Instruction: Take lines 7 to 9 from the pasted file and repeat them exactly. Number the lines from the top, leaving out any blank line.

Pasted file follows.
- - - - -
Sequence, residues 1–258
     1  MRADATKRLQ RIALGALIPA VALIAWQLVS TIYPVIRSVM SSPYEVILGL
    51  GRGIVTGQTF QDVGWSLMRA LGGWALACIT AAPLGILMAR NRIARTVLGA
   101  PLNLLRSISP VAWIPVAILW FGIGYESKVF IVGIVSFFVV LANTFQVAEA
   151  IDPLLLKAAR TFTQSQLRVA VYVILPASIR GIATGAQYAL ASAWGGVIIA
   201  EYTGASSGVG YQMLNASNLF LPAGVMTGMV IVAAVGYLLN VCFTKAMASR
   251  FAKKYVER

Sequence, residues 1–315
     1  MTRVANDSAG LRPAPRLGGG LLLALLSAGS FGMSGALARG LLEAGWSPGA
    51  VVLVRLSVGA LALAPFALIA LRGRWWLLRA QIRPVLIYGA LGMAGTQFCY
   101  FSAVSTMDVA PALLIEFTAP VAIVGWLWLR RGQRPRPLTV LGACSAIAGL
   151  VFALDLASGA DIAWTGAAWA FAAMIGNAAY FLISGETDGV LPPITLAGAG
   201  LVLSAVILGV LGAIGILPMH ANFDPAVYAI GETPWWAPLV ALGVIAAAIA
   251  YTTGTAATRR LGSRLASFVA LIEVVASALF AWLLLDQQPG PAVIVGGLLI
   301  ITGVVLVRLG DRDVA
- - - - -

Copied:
   251  FAKKYVER

Sequence, residues 1–315
     1  MTRVANDSAG LRPAPRLGGG LLLALLSAGS FGMSGALARG LLEAGWSPGA